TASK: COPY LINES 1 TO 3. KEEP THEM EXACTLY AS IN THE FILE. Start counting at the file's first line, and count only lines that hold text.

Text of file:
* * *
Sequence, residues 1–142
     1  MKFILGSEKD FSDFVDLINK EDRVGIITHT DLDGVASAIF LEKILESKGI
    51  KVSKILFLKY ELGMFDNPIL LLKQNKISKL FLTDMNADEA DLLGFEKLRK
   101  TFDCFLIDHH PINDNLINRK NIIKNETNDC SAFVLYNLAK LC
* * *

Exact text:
Sequence, residues 1–142
     1  MKFILGSEKD FSDFVDLINK EDRVGIITHT DLDGVASAIF LEKILESKGI
    51  KVSKILFLKY ELGMFDNPIL LLKQNKISKL FLTDMNADEA DLLGFEKLRK